Washington, D.C. – The Organisation of American States (OAS) is pleading for urgency to continue working to increase security in Haiti and to begin the democratisation process.
The OAS said in a statement that the institutional crisis that Haiti is currently experiencing is “a direct result of the actions taken by the country’s endogenous forces and by the international community”.
“The last 20 years of the international community’s presence in Haiti has amounted to one of the worst and clearest failures implemented and executed within the framework of any international cooperation,” the OAS stated in a news release.
“This is not to blame the individuals who, with a vocation for service and altruism, worked as co-operators and made their best efforts, in some cases giving their lives, for Haiti. These persons deserve our greatest respect and remembrance.”
The news release stated that the international community’s “20 years of erratic political strategy” failed to establish “a single institution with the capacity to address the problems facing Haitians”.
“After 20 years, not a single institution is stronger than it was before,” the OAS said, adding: “It was under this umbrella provided by the international community that the criminal gangs that today lay siege to the country fermented and germinated, even as the process of deinstitutionalisation and political crisis that we see today grew and took shape.”
The OAS news release stated that the international community left Haiti, leaving chaos, destruction, and violence behind after recognising failure to establish sustainable institutions.
“Right now, it is absurd to think that in this context of destruction, the Haitians, left completely alone, polarised, and with very few resources, would be able to rebuild or build the kind of security, deinstitutionalisation, and development project that could enable its 12 million inhabitants to once again live in peaceful coexistence,” the OAS news release stated.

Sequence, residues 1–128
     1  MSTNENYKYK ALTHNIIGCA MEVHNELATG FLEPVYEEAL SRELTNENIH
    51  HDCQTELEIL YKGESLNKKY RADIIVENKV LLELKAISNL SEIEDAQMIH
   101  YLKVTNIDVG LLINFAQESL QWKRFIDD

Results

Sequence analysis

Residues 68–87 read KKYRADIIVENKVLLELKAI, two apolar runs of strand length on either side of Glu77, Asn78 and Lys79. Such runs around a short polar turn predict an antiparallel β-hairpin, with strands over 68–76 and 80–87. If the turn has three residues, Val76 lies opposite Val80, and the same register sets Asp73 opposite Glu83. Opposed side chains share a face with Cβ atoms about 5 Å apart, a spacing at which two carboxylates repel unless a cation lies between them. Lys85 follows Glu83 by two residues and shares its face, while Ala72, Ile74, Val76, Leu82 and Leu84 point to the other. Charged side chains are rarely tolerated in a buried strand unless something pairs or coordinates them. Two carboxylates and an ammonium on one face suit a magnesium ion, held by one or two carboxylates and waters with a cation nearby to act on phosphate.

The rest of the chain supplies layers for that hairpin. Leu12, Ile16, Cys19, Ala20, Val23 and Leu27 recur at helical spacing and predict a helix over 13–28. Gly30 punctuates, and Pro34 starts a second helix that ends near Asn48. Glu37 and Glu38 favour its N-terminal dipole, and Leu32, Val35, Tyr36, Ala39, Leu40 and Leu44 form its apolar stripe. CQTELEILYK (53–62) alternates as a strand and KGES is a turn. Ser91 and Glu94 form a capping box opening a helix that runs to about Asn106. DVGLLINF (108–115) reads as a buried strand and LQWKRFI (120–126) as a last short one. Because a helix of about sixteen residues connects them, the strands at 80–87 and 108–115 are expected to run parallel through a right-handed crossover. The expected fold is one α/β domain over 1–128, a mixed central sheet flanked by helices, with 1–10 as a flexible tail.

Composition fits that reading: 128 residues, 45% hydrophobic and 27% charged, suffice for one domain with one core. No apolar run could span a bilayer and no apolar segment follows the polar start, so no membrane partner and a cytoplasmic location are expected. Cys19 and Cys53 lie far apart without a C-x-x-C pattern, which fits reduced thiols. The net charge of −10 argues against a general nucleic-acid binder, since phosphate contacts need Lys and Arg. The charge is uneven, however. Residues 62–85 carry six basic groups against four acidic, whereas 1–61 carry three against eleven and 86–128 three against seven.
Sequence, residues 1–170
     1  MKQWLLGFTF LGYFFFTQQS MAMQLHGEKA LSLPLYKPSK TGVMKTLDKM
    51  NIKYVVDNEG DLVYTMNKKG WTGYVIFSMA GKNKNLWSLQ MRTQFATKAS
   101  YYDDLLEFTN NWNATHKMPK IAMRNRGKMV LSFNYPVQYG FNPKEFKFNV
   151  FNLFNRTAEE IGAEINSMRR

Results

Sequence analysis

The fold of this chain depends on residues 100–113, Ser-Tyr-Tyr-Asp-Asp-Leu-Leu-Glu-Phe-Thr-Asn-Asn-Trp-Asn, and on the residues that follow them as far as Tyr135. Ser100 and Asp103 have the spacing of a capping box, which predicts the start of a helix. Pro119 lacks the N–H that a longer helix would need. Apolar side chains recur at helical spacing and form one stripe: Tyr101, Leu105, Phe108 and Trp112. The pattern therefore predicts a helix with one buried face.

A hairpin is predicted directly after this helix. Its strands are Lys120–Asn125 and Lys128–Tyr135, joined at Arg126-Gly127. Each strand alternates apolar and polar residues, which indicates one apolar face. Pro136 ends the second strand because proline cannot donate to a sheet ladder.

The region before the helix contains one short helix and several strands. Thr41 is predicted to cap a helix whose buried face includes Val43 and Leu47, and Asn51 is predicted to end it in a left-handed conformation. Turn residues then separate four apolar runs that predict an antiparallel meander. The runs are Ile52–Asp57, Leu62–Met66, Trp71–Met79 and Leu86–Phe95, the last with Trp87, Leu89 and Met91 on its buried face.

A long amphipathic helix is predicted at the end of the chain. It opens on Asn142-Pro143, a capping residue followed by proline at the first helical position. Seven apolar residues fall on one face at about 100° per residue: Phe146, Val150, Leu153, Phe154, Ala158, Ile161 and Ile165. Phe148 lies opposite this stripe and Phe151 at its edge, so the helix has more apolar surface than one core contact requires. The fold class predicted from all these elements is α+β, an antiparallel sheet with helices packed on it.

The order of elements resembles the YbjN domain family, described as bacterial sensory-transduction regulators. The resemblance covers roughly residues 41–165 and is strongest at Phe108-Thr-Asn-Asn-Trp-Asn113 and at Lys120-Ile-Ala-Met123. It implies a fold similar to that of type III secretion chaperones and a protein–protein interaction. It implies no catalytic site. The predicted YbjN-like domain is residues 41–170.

“Without resources, in a climate of violence, without technological capabilities, without financial accumulation, without any of that today, they want us to believe a completely endogenous Haitian solution could prosper. This is not so.”
The OAS said that without the basic conditions of democracy and security, the French-speaking Caricom country was suffering from the international community’s “lack of ideas and real capacity, as well as from its own structural problems”.
“This is the international community that never knew if it should leave the MINUSTAH (United Nations Stabilisation Mission in Haiti) in place or remove it, an international community that thought that contributing money was the same as having ideas, an international community that thought that paying its own consultants would solve Haitians’ problems,” the OAS news release stated. “Obviously, none of that was possible and none of this is possible.”
The OAS concluded that the international community must work urgently to increase security and begin the democratisation process in Haiti.
“The international community, international financial institutions, the multilateral system, and the international financial community of donor countries must make a decision,” the OAS news elease stated.
“…whether they want to industrialise Haiti sufficiently to ensure work for nine million Haitians, or whether it is economically more profitable to continue absorbing Haitian migrants and let host countries accommodate them as and how they can and in such economic conditions as they can offer.
“This is a critical decision because on it depends whether the Haitian situation continues in a state of permanent crisis with increasingly tragic dimensions, or whether we can move toward a process of transformation in which we ensure sufficient investments on sustainable terms and, therefore, the social stability of the country.”